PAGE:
Praise of Lassitude
by Richard L. Howey, Wyoming, USA
Lassitude, weariness, lethargy, listlessness, languor, debility, fatigue, torpor, apathy idleness, and the mental state of Micscape readers who avidly consume the articles month after month without contributing anything of their own–not even a short book review,a note on something they have observed, a little micro-technique trick,a request for help in solving a problem in methodology or identifying an organism or an image of a slide they particularly like, let alone contributing an article. Any such contributions would be welcome whether you are 9 or 90. I went to the July 2018 issue of Micscape to discover that there were not enough contributions to construct a new issue. I must admit I was dismayed until I did a reality check. I realized that June, July, and August are, in most parts of the world, months when people go out to lie on shady beaches and get a bronze tan and skin cancer, when people plunge into the ocean delighting in and sporting on the surface oblivious to the circling sharks or the drifting sea wasps, when people seeking relief from the heat climb alpine peaks defying possible avalanches, rock slides, and unstable cliffs, when people go to national parks and try to pose for photographs with bears, moose and elk and risk severe injury, or on another continent when they try to pose with lions, elephants, hyenas, giraffe, hippos, or crocodiles and end up battered and bruised or as a tasty morsel. Yes, Im being old and cranky, I tend to forget all of those wonderful diversions.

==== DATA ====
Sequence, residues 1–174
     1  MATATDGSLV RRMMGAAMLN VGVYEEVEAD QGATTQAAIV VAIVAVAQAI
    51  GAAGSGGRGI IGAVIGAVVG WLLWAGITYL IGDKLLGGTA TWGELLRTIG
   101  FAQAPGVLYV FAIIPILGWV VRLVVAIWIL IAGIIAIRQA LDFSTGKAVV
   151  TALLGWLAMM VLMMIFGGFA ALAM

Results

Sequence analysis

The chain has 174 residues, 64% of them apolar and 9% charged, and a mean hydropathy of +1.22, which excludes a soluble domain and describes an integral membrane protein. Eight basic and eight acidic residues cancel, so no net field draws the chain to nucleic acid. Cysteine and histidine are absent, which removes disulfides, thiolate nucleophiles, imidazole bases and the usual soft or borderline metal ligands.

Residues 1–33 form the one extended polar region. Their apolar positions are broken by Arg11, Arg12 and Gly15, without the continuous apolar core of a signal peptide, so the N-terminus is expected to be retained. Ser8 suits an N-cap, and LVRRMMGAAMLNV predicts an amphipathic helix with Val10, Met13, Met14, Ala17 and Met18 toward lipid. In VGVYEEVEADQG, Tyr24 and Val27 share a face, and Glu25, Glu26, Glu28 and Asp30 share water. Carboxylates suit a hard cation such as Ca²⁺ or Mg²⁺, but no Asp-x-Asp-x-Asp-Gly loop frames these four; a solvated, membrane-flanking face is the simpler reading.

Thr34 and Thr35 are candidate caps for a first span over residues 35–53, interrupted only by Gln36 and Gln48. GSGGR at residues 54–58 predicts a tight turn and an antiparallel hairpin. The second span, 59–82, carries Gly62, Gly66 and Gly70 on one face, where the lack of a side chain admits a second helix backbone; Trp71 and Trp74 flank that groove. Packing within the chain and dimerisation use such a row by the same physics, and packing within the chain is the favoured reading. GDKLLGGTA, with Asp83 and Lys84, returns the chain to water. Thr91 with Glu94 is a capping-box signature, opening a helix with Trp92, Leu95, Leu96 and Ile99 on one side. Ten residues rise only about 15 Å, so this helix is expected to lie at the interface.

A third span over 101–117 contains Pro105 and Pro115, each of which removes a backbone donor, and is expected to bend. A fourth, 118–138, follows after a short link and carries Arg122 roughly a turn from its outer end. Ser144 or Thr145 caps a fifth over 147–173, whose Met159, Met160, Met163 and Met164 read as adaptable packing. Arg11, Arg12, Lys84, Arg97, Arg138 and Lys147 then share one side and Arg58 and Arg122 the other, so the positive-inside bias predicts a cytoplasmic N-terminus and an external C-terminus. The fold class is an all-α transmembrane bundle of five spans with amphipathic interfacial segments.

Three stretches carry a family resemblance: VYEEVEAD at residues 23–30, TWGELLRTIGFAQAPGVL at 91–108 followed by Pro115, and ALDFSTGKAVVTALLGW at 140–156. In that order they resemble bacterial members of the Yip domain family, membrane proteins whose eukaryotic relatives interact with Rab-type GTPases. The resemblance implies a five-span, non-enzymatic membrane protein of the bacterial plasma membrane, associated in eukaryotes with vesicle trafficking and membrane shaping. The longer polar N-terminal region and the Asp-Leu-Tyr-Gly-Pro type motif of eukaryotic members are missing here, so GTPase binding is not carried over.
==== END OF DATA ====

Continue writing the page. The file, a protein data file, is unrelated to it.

And while one is having all of these fascinating experiences, you must, of course, keep your Facebook; Twitter, Natter, and iDID friends and followers informed of your exploits with emails to your closest and cyber-dearest compatriots. Also you can create a visual record using your smart phone camera and store the images or video clips in “the cloud”. And, who can help at this point, plunging back over 2,000 years into the brilliant, sardonic, ironic comedy of Aristophanes? Well, you can. After all who has time to read obscure old Greeks when we have the wisdom of the world at our fingertips through the Internet? Actually, Aristophanes’ perspectives are quite insightful and clever. His target in the play “The Clouds” is Socrates who is supposed to be the wisest of all men and claims that his wisdom consists in recognition of his ignorance, and that, in truth, he knows nothing. And we should certainly be able to empathize with that. As a consequence, he wrote nothing and yet over 2,000 years, he is still remembered–isn’t that odd! Perhaps that is why you don’t write articles or notes as contributions to Micscape. However, Socrates did talk a lot, but not impersonally on Facebook or Twitter, but with real, individual, human beings. He asked questions incessantly, trying to provoke his listeners into thinking. He very rarely even attempted to provide an answer; instead he stimulated, provoked, irritated, challenged and generally annoyed those around him. His student, Plato, documents many of these exchanges and thus Socrates still influences thinkers and questioners but, how many of you have a Plato to record your observations, insights, questions, and doubts? “Don’t need that,” you say. “I’ve got 837412 followers.” Unfortunately, the Internet’s social media sites are vast, impersonal, and constantly demanding to be fed, like Audrey II, the giant carnivorous plant in The Little Shop of Horrors. Over the centuries, Socrates has been both revered and reviled, and he certainly has his contemporaneous critics of which Aristophanes was one. He presents Socrates as a Sophist and caricatures him as being suspended in a basket near the ceiling in an edifice called the Thinking Factory or the Thinkery. Socrates is so situated in order to look down and have a proper perspective on the goings-on of ordinary mortals and to be close to the gods. And now, in this high-tech age we have all these individuals suspended in their individual electronic baskets, who can enter the realm of Micscape without having to pay a single obol, farthing, nickel, or rupee.